Back in 1999, Jerry Seinfeld and the late David Bowie did a bit during the Saturday Night Live 25th anniversary special sending up their images as above-it-all, coasting megastars. “You gonna do the ‘lost sock’ bit?,” asks Bowie, to which Seinfeld replies with a sheepish nod. In his first stand-up special in 19 years (the first in a lucrative deal with Netflix), Seinfeld indeed does the lost sock bit. And the parakeet flying into his own reflection bit, the “dogs are always glad to see you” bit, and any number of the routines viewers will recognize from the comedy veteran’s long career (or the stand-up bits from ever-rerunning Seinfeld episodes). Filmed at the same venerable New York club, The Comic Strip, where the young Seinfeld first went up onstage in 1976, Jerry Before Seinfeld sees the comic deliver a crowd-pleasing set (to a vocally pleased crowd) of the intimately familiar observational shtick that made him into the very megastar he and Bowie goofed on almost 20 years ago.
And that’s not an inconsiderable pleasure. Seinfeld works the cramped stage of his old haunt with not only the effortless and inevitable confidence of the old pro and cultural touchstone he is, but with an enthusiasm belying any hint of obligation. “You gonna play ‘Changes’?,” asked Seinfeld of Bowie in response back on SNL, and Bowie deadpanned an identical shamefaced, “yeah.” But the thing is, latter-day Bowie playing “Changes” could be an astoundingly entertaining experience, and hearing Jerry Seinfeld crank out stream-worn, meticulously fashioned bits about NYC street sweepers, sports fandom as “rooting for laundry,” or being bored into catatonia as a child at the bank, while not revelatory, is undeniably fun. As seen in his decision to start over comedically from scratch (documented in the 2002 film Jerry Seinfeld: Comedian), and the thoughtful shop-talk that forms the backbone of his streaming series Comedians In Cars Getting Coffee, Seinfeld’s comic instincts aren’t dormant. But the nearest things to “the new shit” we get here are a few references to Uber and eHarmony.com, and even those hardly figure into the nostalgic vibe as anything more than fleeting reminders of what year we’re in.
If there’s a deliberately, stubbornly innocuous tone to Seinfeld’s act, well, that’s Seinfeld’s act. Jokes about relationships (guys buy flowers when they’ve screwed up, and what’s the deal with women and cotton balls?) partake of the same glib man-woman stereotypes, but they’re also so rooted in the stand-up tradition that Jerry Seinfeld grew up idolizing (and then embodying) that the hackiness is part of their appeal. Seinfeld, for all the infrequent hints about having actual, even controversial opinions about real-world things, is overwhelmingly about observation, not confession. (The closest he comes here to addressing the current political climate is falling back on the old bit about anyone who thinks they’re just the person to be president is clearly nuts.) And that’s Jerry Before Seinfeld’s greatest real weakness, as the special, intended to serve as an act of personal as well as professional reminiscence, truly excels only at the latter.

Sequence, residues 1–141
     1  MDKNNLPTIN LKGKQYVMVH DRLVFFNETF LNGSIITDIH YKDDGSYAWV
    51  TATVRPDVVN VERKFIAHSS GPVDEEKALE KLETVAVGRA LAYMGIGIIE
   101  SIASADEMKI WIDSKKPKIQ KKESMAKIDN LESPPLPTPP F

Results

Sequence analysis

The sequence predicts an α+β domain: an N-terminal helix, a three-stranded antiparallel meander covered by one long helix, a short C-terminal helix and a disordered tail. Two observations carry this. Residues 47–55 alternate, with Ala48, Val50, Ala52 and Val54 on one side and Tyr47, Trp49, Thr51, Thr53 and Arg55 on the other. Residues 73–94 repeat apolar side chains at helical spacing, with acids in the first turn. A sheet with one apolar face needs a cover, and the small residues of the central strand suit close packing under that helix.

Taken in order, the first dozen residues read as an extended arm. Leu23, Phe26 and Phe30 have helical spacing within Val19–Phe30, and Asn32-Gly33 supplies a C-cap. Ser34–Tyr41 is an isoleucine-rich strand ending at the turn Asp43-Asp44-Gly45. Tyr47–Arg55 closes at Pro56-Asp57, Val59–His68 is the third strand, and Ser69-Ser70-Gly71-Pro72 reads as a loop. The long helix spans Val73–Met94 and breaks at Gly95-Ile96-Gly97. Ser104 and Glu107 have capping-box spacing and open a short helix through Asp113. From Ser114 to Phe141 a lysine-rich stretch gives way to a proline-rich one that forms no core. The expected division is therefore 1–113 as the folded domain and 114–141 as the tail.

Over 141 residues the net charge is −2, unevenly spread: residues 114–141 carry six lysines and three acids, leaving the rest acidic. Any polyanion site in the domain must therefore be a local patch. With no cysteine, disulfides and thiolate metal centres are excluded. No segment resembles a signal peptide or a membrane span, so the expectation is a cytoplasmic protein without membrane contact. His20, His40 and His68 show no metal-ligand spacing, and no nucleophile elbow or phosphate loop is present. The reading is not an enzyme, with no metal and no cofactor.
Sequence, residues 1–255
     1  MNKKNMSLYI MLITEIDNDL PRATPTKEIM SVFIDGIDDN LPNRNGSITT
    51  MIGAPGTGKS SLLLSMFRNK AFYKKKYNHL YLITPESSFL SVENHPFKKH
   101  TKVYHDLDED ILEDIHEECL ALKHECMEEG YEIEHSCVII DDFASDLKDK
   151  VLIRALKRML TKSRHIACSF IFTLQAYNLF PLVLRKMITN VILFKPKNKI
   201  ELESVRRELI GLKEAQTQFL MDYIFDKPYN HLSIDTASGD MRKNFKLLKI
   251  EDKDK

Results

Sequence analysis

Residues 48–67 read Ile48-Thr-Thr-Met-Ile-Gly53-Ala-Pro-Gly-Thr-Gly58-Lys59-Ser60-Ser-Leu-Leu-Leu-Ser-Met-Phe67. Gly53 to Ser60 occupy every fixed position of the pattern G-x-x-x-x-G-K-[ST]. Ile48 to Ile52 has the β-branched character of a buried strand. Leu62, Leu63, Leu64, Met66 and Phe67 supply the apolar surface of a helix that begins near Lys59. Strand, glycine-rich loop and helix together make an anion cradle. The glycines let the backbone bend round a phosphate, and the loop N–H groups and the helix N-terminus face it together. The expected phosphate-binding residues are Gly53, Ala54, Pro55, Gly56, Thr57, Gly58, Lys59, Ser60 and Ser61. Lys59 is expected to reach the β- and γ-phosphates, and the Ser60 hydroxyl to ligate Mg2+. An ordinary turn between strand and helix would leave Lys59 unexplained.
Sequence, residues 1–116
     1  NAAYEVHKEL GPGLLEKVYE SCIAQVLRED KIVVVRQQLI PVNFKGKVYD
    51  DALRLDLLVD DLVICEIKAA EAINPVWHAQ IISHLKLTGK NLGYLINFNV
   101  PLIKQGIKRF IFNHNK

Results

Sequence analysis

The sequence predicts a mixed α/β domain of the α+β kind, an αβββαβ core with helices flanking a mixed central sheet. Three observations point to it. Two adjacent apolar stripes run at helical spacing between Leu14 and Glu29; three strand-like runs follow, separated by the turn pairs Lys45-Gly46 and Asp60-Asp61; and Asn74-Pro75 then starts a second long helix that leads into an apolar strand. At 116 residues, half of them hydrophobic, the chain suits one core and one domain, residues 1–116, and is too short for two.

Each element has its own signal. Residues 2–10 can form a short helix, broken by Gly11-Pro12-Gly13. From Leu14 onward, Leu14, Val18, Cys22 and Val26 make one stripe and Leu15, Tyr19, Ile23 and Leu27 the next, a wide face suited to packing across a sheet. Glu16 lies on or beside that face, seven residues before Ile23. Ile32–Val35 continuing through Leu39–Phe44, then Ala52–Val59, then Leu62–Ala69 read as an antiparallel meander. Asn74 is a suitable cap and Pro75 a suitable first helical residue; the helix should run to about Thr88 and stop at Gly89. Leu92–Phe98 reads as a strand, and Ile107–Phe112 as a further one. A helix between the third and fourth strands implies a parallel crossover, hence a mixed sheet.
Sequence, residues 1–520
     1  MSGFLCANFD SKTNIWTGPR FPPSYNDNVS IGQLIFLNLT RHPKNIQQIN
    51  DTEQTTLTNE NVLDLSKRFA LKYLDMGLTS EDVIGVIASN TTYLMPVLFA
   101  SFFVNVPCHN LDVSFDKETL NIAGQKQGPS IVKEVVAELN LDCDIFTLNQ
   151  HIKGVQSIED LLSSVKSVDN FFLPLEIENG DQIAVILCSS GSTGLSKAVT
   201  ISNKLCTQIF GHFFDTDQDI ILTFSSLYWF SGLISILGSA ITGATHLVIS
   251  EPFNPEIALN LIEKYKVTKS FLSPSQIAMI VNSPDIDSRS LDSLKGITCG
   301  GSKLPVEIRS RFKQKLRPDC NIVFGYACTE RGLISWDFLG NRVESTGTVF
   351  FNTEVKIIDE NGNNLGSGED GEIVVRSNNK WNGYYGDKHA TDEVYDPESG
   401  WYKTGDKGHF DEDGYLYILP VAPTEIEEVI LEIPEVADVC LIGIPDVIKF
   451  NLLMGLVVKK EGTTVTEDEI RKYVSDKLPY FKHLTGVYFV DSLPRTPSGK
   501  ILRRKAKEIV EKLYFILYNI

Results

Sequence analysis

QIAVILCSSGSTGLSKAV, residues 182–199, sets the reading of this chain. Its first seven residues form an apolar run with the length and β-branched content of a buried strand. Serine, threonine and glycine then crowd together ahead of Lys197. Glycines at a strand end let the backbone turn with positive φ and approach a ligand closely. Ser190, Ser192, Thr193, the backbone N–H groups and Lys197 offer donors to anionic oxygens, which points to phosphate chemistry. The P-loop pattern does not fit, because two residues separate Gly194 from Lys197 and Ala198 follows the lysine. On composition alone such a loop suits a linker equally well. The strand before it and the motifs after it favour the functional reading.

Interspersed with anecdotes about his early days in stand-up, clips of the comic surrounded by his old comedy albums, issues of Mad magazine, and—in one contrived but still-striking image—a New York street paved with purported pages from his actual accordion file of jokes, Jerry Before Seinfeld forms an unsatisfying portrait of the artist as a young comic. When grainy clips of the young Seinfeld play over wistful instrumental music, the intended effect is undercut by the sight of the present-day Seinfeld’s obvious comfort in his role as unfathomably wealthy, universally respected comic elder statesman. Seeing the fresh-faced Seinfeld waving goodbye after his first 1981 guest spot on Carson’s Tonight Show fade into that of the now sixtysomething Seinfeld doing the same to a packed club of adoring fans doesn’t evoke anything but the reflection that those same jokes still work after all these years. The special sets up this performance as a more intimate experience than it turns out to be.
In one voice-over, Seinfeld alludes to fellow king of comedy Richard Pryor, asking rhetorically if he, Seinfeld, would have been funnier if he grew up in a whorehouse in Peoria. Sure, he concedes, referring to his own relatively stable upbringing, “but this is what I had to work with.” Fair enough. Jerry Seinfeld imitators are are long gone from the business, with his signature cadence and style revealed to be just exhausting window dressing in those without Seinfeld’s talent for making complaints about everyday absurdities uniquely funny. Talking about Mad, Seinfeld explains that the magazine’s irreverence awakened in him the idea that “You don’t have to buy that. You can say ‘That’s stupid.’” And Seinfeld’s persona has built up around that pearl of wisdom, accompanied by an added layer summed up in, naturally, an old bit about the cereal Cookie Crisp alerting parents to how much crap they were letting their kids eat. “Someone always comes along and pushes a good thing too far,” is as fitting a theme for Jerry Before Seinfeld, a special that gives the comic’s fans exactly—and only—what they want.